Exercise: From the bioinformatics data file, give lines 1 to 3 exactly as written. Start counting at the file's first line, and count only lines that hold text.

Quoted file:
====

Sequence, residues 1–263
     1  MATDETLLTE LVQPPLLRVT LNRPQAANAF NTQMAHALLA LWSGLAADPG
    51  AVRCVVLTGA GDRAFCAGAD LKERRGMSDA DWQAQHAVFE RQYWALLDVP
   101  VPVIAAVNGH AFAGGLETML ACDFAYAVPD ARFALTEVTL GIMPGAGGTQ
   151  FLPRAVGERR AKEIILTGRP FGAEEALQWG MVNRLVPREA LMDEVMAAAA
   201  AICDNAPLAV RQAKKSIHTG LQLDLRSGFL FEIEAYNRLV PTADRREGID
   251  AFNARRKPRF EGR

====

Sequence, residues 1–263
     1  MATDETLLTE LVQPPLLRVT LNRPQAANAF NTQMAHALLA LWSGLAADPG
    51  AVRCVVLTGA GDRAFCAGAD LKERRGMSDA DWQAQHAVFE RQYWALLDVP